Getting birds to breed in your garden

 Nesting logs and boxes

The best nesting sites in your garden are the ones that the birds build themself. Even with hole breeders, the nest sites that they keep returning to are the ones that they have excavated themselves in trees.  These also last much longer and require no maintenance from us.

Unfortunately these sites are often scarce and widely spread over a number of gardens and we would ideally like to attract the birds to breed in our gardens.   In this we are fortunate that many birds are very willing to use nesting sites that we provide.

The most popular nesting log must be the sisal logs that one purchases at pet shops or nurseries. These work very well for a season or two, but I find that they do not last long. Breeding birds have a tendency to constantly pick at the nest site and so, in time, bore through the top or bottom of the log.  If this has happened the log can be discarded.  One way to prevent this is to secure  pieces of wood, cut to the same size, at the two ends of the log, this will make it last longer, but in due time they will make some holes around it or in the side.

I have now resorted to make my own logs from the exotic trees that I have cut down.  There are two ways to do this. For the first, I use a

Crested Barbet

34mm wood drill to hollow the log out from the top by making over lapping drill holes, and then chiselling out some of the surrounding wood.  This leaves a fairy rough hole, but the birds will do some further excavation and smooth it out. I then cut the entry hole with a hole saw and screw and glue a piece of pine wood on to the top to seal the log.  The other method is to cut the log lengthwise and hollow out the two halves. Doing this you should leave enough space around the edges to put in dowel plugs so that the two halves can be glued tight without any openings. Once gain use a hole saw to cut the entrance hole.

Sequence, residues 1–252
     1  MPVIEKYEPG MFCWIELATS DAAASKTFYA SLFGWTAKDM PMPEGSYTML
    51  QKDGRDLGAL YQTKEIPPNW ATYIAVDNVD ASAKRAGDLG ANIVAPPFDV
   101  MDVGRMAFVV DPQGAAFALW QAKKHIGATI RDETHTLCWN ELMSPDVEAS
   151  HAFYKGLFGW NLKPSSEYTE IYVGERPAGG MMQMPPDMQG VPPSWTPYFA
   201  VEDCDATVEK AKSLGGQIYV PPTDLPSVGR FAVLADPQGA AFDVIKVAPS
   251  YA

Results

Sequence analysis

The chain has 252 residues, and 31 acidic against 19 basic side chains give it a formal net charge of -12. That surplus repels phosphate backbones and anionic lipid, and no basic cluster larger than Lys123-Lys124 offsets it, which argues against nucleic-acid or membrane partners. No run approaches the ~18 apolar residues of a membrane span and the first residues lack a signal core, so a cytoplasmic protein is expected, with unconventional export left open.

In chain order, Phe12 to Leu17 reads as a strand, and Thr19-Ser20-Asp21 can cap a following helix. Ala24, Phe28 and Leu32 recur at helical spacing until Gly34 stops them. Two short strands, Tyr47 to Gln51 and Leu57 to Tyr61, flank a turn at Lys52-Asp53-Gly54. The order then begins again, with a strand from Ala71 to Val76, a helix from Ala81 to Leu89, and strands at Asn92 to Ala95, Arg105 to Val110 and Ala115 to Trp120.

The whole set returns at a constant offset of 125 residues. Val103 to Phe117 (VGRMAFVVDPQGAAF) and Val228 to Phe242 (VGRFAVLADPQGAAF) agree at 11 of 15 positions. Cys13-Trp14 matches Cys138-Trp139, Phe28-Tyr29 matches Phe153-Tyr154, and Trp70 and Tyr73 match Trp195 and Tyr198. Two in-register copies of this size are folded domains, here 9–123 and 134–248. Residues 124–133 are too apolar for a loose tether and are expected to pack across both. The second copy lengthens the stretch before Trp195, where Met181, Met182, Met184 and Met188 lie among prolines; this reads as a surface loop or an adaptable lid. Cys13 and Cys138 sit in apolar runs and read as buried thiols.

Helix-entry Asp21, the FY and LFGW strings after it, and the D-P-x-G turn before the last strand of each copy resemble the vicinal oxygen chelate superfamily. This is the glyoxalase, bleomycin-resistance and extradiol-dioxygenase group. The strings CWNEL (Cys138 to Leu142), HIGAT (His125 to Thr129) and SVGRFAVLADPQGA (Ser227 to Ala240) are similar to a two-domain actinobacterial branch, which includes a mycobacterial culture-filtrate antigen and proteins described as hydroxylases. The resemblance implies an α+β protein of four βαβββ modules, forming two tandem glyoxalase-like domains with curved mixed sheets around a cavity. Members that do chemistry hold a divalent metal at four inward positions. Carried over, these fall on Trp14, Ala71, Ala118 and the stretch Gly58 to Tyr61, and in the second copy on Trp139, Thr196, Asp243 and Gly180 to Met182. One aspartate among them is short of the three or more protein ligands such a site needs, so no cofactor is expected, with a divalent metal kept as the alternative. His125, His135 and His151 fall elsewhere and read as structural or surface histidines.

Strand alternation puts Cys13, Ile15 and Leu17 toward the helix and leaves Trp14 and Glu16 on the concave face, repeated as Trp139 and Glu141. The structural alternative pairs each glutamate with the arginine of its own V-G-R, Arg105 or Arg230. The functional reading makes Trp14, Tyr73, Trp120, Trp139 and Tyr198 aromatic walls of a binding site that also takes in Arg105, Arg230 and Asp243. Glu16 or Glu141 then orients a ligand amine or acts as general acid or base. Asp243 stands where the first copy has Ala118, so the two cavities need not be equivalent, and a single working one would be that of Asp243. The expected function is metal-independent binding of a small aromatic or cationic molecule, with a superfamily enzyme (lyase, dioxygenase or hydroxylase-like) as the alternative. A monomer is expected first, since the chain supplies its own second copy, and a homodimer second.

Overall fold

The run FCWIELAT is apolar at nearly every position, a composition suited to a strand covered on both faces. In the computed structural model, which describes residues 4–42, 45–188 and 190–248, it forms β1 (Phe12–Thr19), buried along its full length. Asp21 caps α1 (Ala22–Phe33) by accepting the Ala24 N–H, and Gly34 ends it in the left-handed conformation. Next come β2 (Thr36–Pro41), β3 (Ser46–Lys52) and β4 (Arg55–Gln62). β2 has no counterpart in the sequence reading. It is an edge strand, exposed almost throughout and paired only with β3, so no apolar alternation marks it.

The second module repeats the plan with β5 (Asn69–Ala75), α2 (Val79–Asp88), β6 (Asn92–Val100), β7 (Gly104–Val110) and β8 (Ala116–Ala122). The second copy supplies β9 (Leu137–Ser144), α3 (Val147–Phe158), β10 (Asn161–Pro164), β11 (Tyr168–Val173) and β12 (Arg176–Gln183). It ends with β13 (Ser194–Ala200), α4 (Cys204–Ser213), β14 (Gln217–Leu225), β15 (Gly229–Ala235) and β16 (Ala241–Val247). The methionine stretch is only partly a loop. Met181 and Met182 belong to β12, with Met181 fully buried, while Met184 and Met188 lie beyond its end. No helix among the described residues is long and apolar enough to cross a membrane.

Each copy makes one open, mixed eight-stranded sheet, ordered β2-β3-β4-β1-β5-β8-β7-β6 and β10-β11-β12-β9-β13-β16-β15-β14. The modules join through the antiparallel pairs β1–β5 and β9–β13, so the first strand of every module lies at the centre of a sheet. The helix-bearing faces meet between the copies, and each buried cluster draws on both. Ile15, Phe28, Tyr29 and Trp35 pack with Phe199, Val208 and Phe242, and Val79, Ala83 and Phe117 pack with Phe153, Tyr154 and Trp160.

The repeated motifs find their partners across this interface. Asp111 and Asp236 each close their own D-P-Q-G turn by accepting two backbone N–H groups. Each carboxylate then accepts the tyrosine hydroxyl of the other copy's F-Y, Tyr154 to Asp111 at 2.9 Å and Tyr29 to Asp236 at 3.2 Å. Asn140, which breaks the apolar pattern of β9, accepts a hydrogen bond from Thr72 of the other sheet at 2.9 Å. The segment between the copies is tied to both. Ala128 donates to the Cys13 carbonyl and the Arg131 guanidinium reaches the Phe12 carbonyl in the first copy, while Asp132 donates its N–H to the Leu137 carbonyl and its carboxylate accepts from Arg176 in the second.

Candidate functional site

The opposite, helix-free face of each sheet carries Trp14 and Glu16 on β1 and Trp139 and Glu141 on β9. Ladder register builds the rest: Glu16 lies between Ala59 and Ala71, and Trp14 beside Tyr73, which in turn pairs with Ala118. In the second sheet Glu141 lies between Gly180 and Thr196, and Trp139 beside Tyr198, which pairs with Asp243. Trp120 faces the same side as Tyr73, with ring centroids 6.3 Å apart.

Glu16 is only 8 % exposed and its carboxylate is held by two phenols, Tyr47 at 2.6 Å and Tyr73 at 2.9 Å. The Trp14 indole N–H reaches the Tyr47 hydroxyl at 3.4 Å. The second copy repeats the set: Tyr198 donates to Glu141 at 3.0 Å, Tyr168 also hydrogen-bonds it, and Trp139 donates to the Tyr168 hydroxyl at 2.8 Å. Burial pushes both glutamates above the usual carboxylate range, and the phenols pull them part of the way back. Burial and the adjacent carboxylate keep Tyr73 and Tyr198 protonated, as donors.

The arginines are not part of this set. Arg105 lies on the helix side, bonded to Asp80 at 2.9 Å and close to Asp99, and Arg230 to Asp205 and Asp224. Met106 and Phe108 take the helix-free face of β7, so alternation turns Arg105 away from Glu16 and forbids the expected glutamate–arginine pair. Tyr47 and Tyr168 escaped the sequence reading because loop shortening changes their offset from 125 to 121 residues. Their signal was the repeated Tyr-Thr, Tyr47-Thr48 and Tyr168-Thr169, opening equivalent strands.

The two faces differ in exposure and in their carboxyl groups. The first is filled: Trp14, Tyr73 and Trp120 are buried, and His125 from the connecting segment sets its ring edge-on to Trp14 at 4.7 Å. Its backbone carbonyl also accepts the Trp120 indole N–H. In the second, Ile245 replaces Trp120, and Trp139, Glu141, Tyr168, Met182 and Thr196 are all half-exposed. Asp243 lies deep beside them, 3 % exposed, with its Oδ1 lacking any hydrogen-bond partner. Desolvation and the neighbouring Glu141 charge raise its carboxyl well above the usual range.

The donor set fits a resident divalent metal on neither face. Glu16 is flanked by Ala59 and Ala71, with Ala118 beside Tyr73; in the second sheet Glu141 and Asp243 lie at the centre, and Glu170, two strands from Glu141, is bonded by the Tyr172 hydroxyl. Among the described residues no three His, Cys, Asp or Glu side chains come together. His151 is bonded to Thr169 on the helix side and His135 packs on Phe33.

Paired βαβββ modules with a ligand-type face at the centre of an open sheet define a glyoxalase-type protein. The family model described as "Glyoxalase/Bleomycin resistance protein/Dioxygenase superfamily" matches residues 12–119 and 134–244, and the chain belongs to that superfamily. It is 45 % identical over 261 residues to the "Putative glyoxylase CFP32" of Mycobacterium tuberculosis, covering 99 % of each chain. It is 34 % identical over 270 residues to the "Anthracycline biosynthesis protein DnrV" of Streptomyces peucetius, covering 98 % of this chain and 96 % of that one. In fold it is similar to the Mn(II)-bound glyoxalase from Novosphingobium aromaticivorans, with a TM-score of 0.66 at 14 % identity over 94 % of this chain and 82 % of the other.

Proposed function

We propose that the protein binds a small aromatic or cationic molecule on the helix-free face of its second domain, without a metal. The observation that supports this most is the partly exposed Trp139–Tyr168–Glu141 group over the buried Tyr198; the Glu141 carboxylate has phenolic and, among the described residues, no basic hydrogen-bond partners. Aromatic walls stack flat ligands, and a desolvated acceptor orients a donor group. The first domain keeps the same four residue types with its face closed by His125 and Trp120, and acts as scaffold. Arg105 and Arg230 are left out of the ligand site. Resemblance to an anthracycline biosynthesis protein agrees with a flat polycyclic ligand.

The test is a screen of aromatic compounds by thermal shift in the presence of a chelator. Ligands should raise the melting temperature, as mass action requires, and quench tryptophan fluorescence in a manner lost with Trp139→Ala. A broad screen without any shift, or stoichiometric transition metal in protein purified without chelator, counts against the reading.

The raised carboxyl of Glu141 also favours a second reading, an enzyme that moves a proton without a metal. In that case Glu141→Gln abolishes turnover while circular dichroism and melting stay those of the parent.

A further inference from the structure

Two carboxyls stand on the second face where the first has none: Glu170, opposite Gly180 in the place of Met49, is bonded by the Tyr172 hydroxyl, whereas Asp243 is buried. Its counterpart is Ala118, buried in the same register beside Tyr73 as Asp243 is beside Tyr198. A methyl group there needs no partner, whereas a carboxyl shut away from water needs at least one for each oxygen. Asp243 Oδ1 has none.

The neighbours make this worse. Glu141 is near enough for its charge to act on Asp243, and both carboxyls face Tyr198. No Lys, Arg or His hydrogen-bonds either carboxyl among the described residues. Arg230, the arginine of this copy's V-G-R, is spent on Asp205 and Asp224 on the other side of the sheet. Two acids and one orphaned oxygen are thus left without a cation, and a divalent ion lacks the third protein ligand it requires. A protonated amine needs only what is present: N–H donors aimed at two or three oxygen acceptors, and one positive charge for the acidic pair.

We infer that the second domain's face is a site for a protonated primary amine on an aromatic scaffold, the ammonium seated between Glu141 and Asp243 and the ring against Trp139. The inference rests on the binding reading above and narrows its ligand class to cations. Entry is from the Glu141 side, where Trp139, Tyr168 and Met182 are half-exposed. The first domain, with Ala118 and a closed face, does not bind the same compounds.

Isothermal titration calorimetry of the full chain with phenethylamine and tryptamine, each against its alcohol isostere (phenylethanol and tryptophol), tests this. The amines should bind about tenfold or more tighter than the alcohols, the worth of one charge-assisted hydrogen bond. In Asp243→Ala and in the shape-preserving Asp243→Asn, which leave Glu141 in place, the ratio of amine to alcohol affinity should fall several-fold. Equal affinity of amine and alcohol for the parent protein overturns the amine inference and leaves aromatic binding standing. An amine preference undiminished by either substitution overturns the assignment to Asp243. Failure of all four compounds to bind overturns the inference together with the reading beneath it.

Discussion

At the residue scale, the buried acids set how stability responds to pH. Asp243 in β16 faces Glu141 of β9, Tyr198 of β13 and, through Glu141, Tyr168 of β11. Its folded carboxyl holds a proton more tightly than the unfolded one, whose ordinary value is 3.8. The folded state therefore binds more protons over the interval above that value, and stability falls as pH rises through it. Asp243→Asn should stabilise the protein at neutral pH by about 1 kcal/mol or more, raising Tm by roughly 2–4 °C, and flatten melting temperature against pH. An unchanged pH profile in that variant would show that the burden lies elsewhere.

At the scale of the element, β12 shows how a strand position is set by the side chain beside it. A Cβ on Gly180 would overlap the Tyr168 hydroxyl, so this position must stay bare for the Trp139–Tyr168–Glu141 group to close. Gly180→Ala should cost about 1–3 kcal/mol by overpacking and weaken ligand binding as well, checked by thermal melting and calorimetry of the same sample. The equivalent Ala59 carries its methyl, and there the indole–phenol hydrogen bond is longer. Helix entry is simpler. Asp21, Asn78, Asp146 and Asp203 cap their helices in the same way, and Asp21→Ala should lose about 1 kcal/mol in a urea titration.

It is important to look at the hole size that you make as it limits which birds can use it, but this need to be in relation to the nesting box. For smaller birds you need a box of about 80 x 80 x 25o mm and a hole size of 34 to 40 mm.  For larger birds like Crested Barbets, Starlings and Wood-hoopoes it should be about 100 x 100 x 400 and a hole size of around 60 mm.   I recommend that you put up houses with a variety of sizes so that you get a greater diversity of species.  For African Hoopoe rather make a narrow slit of about 7cm as they prefer a tight and narrow opening.

In placing the logs and nest boxes I have had many recommendations on which way they need to face, that they need to be at an angle , and so forth.  All the holes that I have seen made in trees has always been pretty straight up, at most a few degrees slant to them. I have had successful logs facing the sun and facing away from the sun.  The few unsuccessful one that I have had taught me one thing, and that is that the hole must not face in the predominant rain direction. In Johannesburg we mostly get our rain from the south east, and as such I will have no nests facing in that direction. The nesting log or house need to be between 2 and 4 meters off the ground and in a quiet corner but not obscured by dense foliage.